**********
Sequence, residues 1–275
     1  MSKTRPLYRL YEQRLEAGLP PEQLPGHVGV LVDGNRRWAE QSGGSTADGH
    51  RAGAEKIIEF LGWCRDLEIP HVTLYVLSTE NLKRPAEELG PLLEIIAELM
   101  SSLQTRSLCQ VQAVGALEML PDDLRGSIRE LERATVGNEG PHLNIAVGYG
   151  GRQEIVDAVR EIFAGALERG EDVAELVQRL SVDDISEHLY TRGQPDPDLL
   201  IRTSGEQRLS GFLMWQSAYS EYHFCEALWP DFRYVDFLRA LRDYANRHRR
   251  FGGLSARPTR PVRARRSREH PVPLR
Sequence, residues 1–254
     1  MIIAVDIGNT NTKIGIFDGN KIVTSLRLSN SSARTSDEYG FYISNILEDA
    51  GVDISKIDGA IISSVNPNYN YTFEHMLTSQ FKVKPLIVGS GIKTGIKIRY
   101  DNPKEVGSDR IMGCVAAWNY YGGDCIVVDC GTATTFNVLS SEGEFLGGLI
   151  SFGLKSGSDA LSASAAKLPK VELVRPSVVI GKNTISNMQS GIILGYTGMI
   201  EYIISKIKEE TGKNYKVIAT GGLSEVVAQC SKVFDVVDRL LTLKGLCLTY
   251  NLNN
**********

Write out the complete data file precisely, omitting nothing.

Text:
Sequence, residues 1–275
     1  MSKTRPLYRL YEQRLEAGLP PEQLPGHVGV LVDGNRRWAE QSGGSTADGH
    51  RAGAEKIIEF LGWCRDLEIP HVTLYVLSTE NLKRPAEELG PLLEIIAELM
   101  SSLQTRSLCQ VQAVGALEML PDDLRGSIRE LERATVGNEG PHLNIAVGYG
   151  GRQEIVDAVR EIFAGALERG EDVAELVQRL SVDDISEHLY TRGQPDPDLL
   201  IRTSGEQRLS GFLMWQSAYS EYHFCEALWP DFRYVDFLRA LRDYANRHRR
   251  FGGLSARPTR PVRARRSREH PVPLR
Sequence, residues 1–254
     1  MIIAVDIGNT NTKIGIFDGN KIVTSLRLSN SSARTSDEYG FYISNILEDA
    51  GVDISKIDGA IISSVNPNYN YTFEHMLTSQ FKVKPLIVGS GIKTGIKIRY
   101  DNPKEVGSDR IMGCVAAWNY YGGDCIVVDC GTATTFNVLS SEGEFLGGLI
   151  SFGLKSGSDA LSASAAKLPK VELVRPSVVI GKNTISNMQS GIILGYTGMI
   201  EYIISKIKEE TGKNYKVIAT GGLSEVVAQC SKVFDVVDRL LTLKGLCLTY
   251  NLNN